1. Indigenous Guided Garden Walk

Assumption leads you to believe that a desert would naturally be sparse of much plant life, so you’ll probably be surprised to learn just how large the list of Australian natives that call the Red Centre home is. There are over 416 species of native plants within the Uluru-Kata Tjuta National Park and you can experience a portion of these in the gardens at the Resort Town Square. Wander through the grounds yourself, or arrive at one of the designated time slots to be lead around the garden by an Indigenous guide that will explain the cultural significance of key plants as part of food, medicine and more. Tour departs twice daily at 8:45am and 4pm, meet your guide at the Resort Town Square's flag poles.

 

 

2. Bush Food Experience

Speaking of food, make sure you jump on the Bush Food Experience held daily at 1pm in the Arkarni Theatre - located adjacent to the Gallery of Central Australia (GoCA). Put your newly gained plant knowledge to the test as you discover the uses of plants, fruits, grains and spices in traditional cooking methods. Enjoy a demonstration and better still a tasting!

 

3. Discover Local Indigenous Art

Ayers Rock Resort is a hub for Indigenous art, showcasing the work of local Anangu artists who use art to express messages of identity, belief and knowledge about ancestry and links to country. 

Three fascinating art galleries are located at Ayers Rock Resort – Sails in the Desert’s Mulgara Gallery represents the many different regional styles of Indigenous art, Mingkiri Gallery at Town Square features Australian handcrafted glassware, jewellery, pottery, zebra rock and artworks, and the exciting new Gallery of Central Australia (GoCA) which  recently opened on the 1 April 2021. It houses over 80 artworks supporting existing and emerging artists exclusively from the Central Australian region. These are displayed in the Gallery along with specially curated items like punu (traditional Anangu wood carving) and pieces designed and hand made by communities across the region.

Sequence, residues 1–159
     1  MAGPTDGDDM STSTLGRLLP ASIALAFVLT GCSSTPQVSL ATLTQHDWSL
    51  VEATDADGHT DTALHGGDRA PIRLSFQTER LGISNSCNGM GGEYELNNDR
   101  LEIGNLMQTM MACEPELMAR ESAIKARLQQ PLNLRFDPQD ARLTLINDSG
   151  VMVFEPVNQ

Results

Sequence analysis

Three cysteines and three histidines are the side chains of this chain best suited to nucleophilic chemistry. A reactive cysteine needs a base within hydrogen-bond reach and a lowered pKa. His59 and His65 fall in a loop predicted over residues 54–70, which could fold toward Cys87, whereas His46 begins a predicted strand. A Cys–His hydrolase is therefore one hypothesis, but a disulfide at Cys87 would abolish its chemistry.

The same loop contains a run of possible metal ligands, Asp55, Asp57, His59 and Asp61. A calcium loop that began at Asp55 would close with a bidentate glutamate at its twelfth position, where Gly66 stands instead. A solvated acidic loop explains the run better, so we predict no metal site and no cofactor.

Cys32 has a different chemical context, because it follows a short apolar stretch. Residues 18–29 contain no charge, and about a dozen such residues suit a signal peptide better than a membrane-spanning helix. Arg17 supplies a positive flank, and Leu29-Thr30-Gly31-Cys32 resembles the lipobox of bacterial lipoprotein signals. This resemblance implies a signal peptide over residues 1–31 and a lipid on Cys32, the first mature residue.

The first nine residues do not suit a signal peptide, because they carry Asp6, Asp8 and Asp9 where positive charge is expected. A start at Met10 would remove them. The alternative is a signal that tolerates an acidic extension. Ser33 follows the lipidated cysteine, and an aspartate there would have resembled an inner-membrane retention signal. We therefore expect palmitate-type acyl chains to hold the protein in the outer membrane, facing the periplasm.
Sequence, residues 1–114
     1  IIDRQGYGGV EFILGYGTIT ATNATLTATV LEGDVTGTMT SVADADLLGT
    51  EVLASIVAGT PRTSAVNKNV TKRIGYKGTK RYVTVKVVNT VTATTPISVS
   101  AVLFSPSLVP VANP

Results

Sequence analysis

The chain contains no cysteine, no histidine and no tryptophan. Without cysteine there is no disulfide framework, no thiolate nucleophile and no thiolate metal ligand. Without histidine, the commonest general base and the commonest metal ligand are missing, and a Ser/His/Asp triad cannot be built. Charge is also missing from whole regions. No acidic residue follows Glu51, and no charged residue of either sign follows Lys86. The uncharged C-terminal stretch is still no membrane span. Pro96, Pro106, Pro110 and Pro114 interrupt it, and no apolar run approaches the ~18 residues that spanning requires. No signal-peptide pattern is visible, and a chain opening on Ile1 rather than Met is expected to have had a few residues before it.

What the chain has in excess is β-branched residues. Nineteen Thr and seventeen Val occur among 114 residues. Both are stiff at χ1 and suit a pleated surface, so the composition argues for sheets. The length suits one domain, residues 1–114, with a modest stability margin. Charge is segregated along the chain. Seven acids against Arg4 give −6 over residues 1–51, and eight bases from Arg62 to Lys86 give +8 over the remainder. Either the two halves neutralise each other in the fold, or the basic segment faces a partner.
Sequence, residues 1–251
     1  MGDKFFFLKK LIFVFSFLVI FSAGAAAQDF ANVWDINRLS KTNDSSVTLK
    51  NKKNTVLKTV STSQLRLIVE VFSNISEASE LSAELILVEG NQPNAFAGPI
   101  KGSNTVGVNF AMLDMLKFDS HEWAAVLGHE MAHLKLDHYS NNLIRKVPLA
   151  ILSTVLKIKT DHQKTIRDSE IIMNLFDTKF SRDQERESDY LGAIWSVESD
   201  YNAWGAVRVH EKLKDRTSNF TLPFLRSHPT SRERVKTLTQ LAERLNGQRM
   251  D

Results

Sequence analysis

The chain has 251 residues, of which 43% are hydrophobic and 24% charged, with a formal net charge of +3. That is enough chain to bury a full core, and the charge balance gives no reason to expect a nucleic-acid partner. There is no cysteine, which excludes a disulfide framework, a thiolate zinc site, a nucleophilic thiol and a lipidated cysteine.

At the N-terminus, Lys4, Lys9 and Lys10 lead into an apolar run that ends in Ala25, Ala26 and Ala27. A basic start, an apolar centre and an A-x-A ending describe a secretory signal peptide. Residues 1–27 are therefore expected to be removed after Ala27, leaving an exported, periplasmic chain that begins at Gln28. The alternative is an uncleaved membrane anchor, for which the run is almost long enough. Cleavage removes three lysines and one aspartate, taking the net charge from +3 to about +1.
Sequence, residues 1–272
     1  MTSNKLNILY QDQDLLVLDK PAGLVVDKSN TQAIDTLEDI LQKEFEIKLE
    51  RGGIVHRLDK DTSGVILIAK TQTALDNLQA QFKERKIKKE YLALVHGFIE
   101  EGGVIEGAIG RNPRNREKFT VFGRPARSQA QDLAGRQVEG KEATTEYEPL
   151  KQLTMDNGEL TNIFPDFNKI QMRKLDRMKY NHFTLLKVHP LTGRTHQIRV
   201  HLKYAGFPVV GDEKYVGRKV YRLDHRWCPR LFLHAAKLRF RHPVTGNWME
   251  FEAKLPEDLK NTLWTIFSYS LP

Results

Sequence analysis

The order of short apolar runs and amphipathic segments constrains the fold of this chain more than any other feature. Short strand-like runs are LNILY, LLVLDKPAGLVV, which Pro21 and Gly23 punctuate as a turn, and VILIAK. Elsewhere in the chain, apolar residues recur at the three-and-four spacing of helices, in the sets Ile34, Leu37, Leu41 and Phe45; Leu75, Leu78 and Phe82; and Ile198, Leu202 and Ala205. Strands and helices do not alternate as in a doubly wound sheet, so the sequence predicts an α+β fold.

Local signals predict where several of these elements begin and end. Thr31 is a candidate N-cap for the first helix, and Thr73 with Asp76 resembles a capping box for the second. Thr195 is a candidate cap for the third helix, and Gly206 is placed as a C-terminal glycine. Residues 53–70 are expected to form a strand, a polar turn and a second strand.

GoCA also hosts Ayers Rock Resort’s successful Artist in Residence program. The program invites Indigenous artists from Central Australian art centres to take up residence in the gallery to create art pieces in situ, exhibit and sell their work.
 

 

4. Listen to a Bush Yarn

Join an Indigenous guide for one of the daily Bush Yarns, - and no, this isn’t anything related to sewing or needlework, it’s a good old fashion chat about Aboriginal history, culture and the land. A favourite is learning about the Indigenous “survival kit” which includes weaponry such as hunting spears, clubs, and boomerangs. These sessions will also provide an opportunity to learn aspects about the local Pitjantjatjara language. Join this 30-minute free activity, run four times daily between 10am and midday from the Circle of Sand at Town Square Lawn Area.

 

5. Guided Walk at the Base of Uluru

Be guided by one of the the National Park Rangers on the Mala track at the base of Uluru. The Ranger tells the story of the Mala (rufous hare wallaby) people, and describe the history and traditions associated with Uluru. You will learn about traditional and contemporary Anangu life and culture, rock art and the management of the Park. These free guided walks run daily from the Mala carpark and take approximately 1 1/2 hours, depart 8am between October and April, or 10am between May and September.

Or, if you prefer to travel at your own pace, venture on one of the self-guided walks around Uluru, the interpretive signs along the track will give you insight into the local culture and history of this remarkable place.